For example, F*’s support for dependent types means that the F* type checker must be able to evaluate (normalize) expressions during type checking. It can check that the value 7 has type “if 2 < 3 then int else bool” by normalizing “if 2 < 3 then int else bool” to int, for instance. Since normalization is implicitly necessary for type checking anyway, F* also makes normalization available as an explicit feature for programmers to use directly. Furthermore, F* allows programmers to customize each normalization, selectively enabling or disabling evaluation of arithmetic operations, pattern matches, and unrolling of specific function definitions. This customizable normalization feature is often useful for low-level verification tasks. Consider the following F* code:

let nat8 = n:nat{n < 0x100}  
let rec bytes_to_nat (s:seq nat8) (i:nat{i <= length s}) : nat =  
  if i = 0 then 0  
  else s.[i - 1] + 0x100 * bytes_to_nat s (i - 1)

The first declaration defines the type nat8 to be a refinement of the natural number type nat such that any nat8 value must be less than 256. The second declaration defines a recursive function that converts a big-endian sequence “s” of nat8 values into a single natural number. To reason about such a recursive definition, an SMT solver must unroll the definition some number of times, but the number of unrollings required to complete a proof is in general undecidable. By default, F* is conservative and instructs the SMT solver to only unroll a limited number of times (one unrolling, for example). Rather than having the SMT solver unroll the function, a programmer can instruct the F* normalizer to unroll a given function application before generating a query to the SMT solver. This enables a combination of proof-by-normalization verification (also known as “proof by reflection”) and regular SMT verification.

While the example above is a very simple use combining SMT solving with normalization, the technique extends to more complex low-level verification scenarios. For example, the Vale tool [2] defines a verification condition (VC) generator for verifying assembly language code. It does so by expressing the VC generator in F*, verifying the correctness of the VC generator itself in F*, and then using F*’s normalizer to execute the VC generator on a given assembly language program, producing a VC that F* then sends to the SMT solver. F* did not require any additional features to support this scenario; the Vale tool simply used F*’s existing features for dependent types, normalization, and SMT solving.

Programmers can also use F* tactics [3] to manipulate formulas before F* sends a query to the SMT solver. In F*, tactics are written in the F* language itself, but have access to proof states and goals and can inspect existing F* expressions and generate new F* expressions. In many cases, a specialized tactic can process a formula more efficiently than a general purpose SMT solver can. For example, low-level cryptography code often relies on reasoning about integer add, multiply, and modulus operations. Proofs about such integer operations may involve both linear arithmetic (multiplication/modulus of variables by constants, such as 2*x) and nonlinear arithmetic (multiplication/modulus of variables by variables, such as x*y). Since nonlinear integer arithmetic is undecidable, a specialized tactic can simplify a formula before F* generates an SMT query so that the SMT solver only needs to worry about the remaining linear arithmetic. The example below uses a tactic “canon semiring”, written in F*, to reorder variables within nonlinear multiplications into a canonical form (e.g. rewriting c*(b*a) as a*(b*c)). Given these reorderings, the SMT solver then automatically completes the rest of the proof.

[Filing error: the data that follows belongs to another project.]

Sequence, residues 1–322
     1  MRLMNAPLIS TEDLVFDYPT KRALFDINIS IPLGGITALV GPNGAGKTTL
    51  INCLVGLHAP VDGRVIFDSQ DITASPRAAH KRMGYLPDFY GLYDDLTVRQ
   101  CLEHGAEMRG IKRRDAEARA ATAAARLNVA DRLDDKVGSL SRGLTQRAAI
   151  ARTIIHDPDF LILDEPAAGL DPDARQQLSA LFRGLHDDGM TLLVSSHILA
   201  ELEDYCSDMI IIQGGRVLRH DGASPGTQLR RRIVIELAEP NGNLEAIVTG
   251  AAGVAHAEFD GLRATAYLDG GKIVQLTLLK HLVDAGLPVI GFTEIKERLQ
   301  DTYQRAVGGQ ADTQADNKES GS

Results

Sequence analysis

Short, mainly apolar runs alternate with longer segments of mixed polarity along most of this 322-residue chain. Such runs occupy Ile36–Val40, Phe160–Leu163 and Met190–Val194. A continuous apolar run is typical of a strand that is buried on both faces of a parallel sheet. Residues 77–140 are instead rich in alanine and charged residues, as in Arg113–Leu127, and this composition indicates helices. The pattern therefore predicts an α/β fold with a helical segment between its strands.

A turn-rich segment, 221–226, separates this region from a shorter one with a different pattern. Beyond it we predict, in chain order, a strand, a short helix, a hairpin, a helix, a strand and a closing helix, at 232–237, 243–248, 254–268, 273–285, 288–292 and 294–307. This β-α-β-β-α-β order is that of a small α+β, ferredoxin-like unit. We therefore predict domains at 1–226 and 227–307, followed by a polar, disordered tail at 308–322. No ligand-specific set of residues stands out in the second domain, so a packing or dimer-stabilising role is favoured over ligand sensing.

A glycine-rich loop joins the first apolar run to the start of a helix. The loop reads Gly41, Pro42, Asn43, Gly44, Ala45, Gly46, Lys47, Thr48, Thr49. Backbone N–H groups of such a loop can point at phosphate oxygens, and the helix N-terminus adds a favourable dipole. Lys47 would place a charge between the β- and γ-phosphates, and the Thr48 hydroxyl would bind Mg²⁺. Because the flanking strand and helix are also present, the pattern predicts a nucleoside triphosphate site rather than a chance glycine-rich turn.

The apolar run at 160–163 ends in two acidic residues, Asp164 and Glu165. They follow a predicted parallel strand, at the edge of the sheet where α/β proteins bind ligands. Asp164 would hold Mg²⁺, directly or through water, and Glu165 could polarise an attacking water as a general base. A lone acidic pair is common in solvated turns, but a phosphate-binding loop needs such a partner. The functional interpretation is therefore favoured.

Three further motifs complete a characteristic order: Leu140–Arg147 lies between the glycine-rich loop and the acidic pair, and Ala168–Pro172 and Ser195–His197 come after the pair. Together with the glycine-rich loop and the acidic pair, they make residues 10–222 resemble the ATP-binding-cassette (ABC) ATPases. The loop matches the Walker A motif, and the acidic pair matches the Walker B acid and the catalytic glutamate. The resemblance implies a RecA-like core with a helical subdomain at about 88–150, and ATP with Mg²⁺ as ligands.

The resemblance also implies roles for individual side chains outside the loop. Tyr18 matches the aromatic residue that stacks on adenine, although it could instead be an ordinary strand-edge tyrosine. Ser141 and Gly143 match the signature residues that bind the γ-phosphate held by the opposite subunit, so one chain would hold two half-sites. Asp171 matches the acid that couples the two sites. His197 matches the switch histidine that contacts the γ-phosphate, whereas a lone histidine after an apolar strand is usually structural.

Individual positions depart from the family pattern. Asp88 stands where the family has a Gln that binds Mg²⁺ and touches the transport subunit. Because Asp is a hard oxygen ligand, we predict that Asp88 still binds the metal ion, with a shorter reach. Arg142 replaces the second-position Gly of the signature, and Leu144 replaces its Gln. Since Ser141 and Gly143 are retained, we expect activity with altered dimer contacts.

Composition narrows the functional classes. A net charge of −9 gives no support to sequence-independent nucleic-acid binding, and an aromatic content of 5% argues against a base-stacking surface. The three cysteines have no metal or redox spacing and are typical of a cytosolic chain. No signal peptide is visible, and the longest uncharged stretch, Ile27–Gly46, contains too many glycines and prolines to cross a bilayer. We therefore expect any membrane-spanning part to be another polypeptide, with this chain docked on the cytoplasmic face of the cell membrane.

let demo_canonizer (a b c d e x:int) : Lemma  
  (requires x == d * e)  
  (ensures (a * (b * c) + (2 * d) * e == e * d + c * (b * a) + x))  
  assert_by_tactic (c * (b * a) == a * (b * c)) (fun _ -> canon_semiring int_cr);  
  assert_by_tactic (e * d == d * e) (fun _ -> canon_semiring int_cr);  
  assert_by_tactic ((2 * d) * e == 2 * (d * e)) (fun _ -> canon_semiring int_cr)

The example above relies on the ability of F* tactics to inspect F* expressions (e.g. to inspect the expression c*(b*a)), but F* tactics can also generate new expressions. This allows a form of meta-programming where F* tactics can generate new F* programs. For example, tactics can inspect F* types and automatically generate parsers and printers for values of those types [3]. The SMT solver can then automatically verify properties of the generated code: parsing a printed value results in the original value, for instance.

Each of the examples described above uses some combination of SMT solving, normalization and tactics to verify aspects of low-level code. Since no one verification technique is likely to be ideal for all verification problems, verification frameworks should make it as convenient as possible for programmers to combine these techniques.


[1]   Karthikeyan Bhargavan, Antoine Delignat-Lavaud, Cédric Fournet, Markulf Kohlweiss, Jianyang Pan, Jonathan Protzenko, Aseem Rastogi, Nikhil Swamy, Santiago Zanella-Béguelin & Jean Karim Zinzindohoué (2017): Implementing and Proving the TLS 1.3 Record Layer. In: 2017 IEEE Symposium on Security and Privacy (SP), pp. 463–482, doi:10.1109/SP.2017.58.